Tenkara Presentations: Pause and Drift 

In this write-up we’ll talk about the Pause and Drift. It’s as easy as it sounds, promise.
Condensed down to the bare bones, a Pause and Drift Presentation is a dead drift in which you occasionally stop, to intentionally add action to your fly, then proceed again with another dead drift, repeating this process every several feet in order to get the most bang for your buck. This presentation can be done with dry flies, nymphs and even emergers. I think of it as covering all my bases.
When we think of dry flies, we usually think of a dead drift – our fly motionless on the surface of the water. But there are many insects that while drifting, have behaviors that involve action. These behaviors include drying their wings, laying eggs or preparing to take off. All of these actions are achieved through different motions, such as self-propelling across the water, hopping, twitching or plopping. And all of these actions, can be closely mimicked with the sensitive tip of a tenkara rod.
Dead drifts are productive and widely used. But they are still and lifeless and give the fish ample time to inspect, and suspect, the fly.  Some of the insects we imitate are dead, but some are very much alive…or coming to life as they make their way up the water column or ride on the surface. Pairing a Dead Drift Presentation with an occasional slight action, adds a dimension of life to a fly that addresses and imitates live insects. To do the Pause and Drift,  you are only limited by the water and environmental conditions, and of course your fly choice.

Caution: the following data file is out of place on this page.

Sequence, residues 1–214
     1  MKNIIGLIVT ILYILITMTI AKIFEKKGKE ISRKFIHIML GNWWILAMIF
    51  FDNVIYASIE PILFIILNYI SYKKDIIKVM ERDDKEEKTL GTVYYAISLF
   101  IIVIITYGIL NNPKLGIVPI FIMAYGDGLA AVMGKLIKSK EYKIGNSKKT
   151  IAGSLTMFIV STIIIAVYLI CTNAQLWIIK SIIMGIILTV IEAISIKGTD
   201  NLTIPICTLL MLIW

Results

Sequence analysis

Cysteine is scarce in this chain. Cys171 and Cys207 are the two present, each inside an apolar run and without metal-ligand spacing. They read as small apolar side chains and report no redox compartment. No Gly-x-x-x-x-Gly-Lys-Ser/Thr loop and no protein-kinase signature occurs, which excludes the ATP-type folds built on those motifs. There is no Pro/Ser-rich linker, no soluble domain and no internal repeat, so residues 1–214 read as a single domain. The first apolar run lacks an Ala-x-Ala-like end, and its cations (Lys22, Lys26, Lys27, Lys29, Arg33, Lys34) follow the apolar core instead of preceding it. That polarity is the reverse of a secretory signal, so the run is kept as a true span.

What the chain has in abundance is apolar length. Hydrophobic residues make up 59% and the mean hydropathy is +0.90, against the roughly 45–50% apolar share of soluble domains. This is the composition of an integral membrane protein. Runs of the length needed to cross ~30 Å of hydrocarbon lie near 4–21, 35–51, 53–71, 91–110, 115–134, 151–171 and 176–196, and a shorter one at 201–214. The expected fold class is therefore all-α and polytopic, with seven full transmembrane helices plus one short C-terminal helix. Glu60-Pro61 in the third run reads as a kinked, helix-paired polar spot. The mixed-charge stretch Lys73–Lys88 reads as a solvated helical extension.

We can become so consumed by the delicacy of our tenkara rods, that we forget the obvious: Grasshoppers and big terrestrials don’t land on the water surface softly. They land with a plop. They may get stuck in the surface foam because of their size, but they twitch and move attempting to get free. Other insects like caddis, have to release the water surface tension prior to taking off, and hop slightly to do this. Other bugs that are found on the surface of the water are there releasing their eggs, and bounce to do this.
Nymphs and emergers too, are not always static in the water. As insects hatch, they squiggle, pulse and drift. Animation and movement are often game changers and when periodically combined with a dead drift, procure greater interest and striking instinct from fish.
So, the next time you are on the river and begin a simple dead drift, take a look around and notice the insects on the surface of the water. Are they completely and utterly motionless? On your next cast, drift your fly several feet, then pause and add a slight motion or wiggle to your fly…maybe a slight up and down movement or a twitch by a small tap on your rod, then stop and continue your dead drift. Continue to alternate every few feet between stillness and animation throughout your entire swing. You may be very surprised by the improved result and additional strikes you get from hungry fish driven by instinct and attracted to movement and behaviors.


  1. Yes, it’s a deadly technique. But don’t overdo it. A very small or short movement is more than enough. You will catch the fish and not to scare it to death. 😉

    • Yes! Exactly. Which is why tjis works so well with a tenkara rod – you can create very very slight movements so as you said, don’t scare the fish to death. Wonderful!

  2. Kind of like when you are dredging the bottom, with a nymph, you use a slow lift to start your take out.

    • Yes. It’s just a simple reminder that not everything in the water is lifeless. Sometimes we get so caught up making that perfect motionless drift, that we actually miss fish because its too perfectly still.
      And thanks for reading!

  3. Also some of a stream will do the movement for us. I am inclined to overwork the fly and on occasion trout have left the pool completely by speeding off downstream

    • Kevin agree. Movements need to be very slight or you might spook the fish…and tenkara is the perfect tool to create those micromovements with. We’ve all spooked a few fish, lol.

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